- 1 Appearances
- 1.1 Final Fantasy III
- 1.2 Final Fantasy V
- 1.3 Crisis Core -Final Fantasy VII-
- 1.4 Final Fantasy X
- 1.5 Final Fantasy XI
- 1.6 Final Fantasy XV
- 1.7 Final Fantasy Crystal Chronicles
- 1.8 Final Fantasy Adventure
- 1.9 Final Fantasy Dimensions
- 1.10 Pictlogica Final Fantasy
- 1.11 Final Fantasy Airborne Brigade
- 1.12 Final Fantasy Artniks Dive
- 1.13 Final Fantasy Record Keeper
- 1.14 Final Fantasy Trading Card Game
- 1.15 Triple Triad (Portal App)
- 2 Gallery
- 3 Etymology
Appearances[edit | edit source]
Killer Bee is an enemy fought around Castle Sasune, Canaan, and the Vikings' Cove in the forest areas. It is a dangerous foe as it can inflict Poison with its regular attack, and often attacks in groups.
Killer Bee is an enemy fought around the Tycoon area. It is not a difficult foe to defeat.
Killer Bee is an enemy fought during Missions 9-2-4, 9-2-5, and 9-2-6. They are dangerous foes as they can drain MP with its attack as well as hit hard with its Debilitating Buzz.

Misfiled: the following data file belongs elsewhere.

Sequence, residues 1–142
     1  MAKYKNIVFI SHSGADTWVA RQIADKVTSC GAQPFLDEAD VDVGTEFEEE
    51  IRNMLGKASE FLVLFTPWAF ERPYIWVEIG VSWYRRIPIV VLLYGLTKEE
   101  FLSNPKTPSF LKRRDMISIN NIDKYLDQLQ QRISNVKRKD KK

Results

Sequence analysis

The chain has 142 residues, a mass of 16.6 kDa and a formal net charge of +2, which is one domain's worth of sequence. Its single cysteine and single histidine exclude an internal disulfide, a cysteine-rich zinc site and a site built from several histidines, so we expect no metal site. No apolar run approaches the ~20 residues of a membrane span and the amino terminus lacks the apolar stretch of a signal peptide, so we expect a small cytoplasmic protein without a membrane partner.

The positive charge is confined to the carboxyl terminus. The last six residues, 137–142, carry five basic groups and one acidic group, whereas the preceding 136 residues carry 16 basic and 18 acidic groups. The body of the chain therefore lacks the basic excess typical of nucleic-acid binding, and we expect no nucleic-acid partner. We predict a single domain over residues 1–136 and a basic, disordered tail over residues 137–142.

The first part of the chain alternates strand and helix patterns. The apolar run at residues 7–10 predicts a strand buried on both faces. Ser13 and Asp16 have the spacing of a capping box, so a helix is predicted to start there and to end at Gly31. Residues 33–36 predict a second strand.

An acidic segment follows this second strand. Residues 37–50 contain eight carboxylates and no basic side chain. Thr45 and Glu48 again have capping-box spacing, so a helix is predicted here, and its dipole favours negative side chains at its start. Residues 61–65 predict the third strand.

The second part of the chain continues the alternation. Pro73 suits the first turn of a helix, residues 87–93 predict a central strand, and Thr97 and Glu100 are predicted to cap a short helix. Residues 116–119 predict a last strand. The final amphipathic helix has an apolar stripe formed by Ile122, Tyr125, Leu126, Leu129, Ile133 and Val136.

Killer Bee is an enemy fought at Kilika Woods. It is not a difficult foe to defeat, only attacking with a basic attack that can inflict the Poison status to one character. Killer Bees have high evasion and thus must be dealt with either by using Wakka or magic.
Many other variants of it can be fought:
Killer Bee is an enemy fought on the world map.
Killer Bee from Final Fantasy X appears on a Triple Triad card.
Gallery[edit | edit source]
Etymology[edit | edit source]
Africanized honey bees, known colloquially as "killer bees", are a hybrid of the Western honey bee species produced originally by cross-breeding of the African honey bee with various European honey bees. The African honey bee was first introduced to Brazil in the 1950s to increase honey production, but, in 1957, 26 swarms escaped quarantine and, since then, have spread throughout South, Central and North America.
Africanized bees are characterized by far greater defensiveness than European honey bees. They are more likely to attack a perceived threat and, when they do so, attack relentlessly and in larger numbers. They have been known to pursue a perceived threat for a distance of well over 500 meters. This aggressively protective behavior has earned them the nickname "killer bees".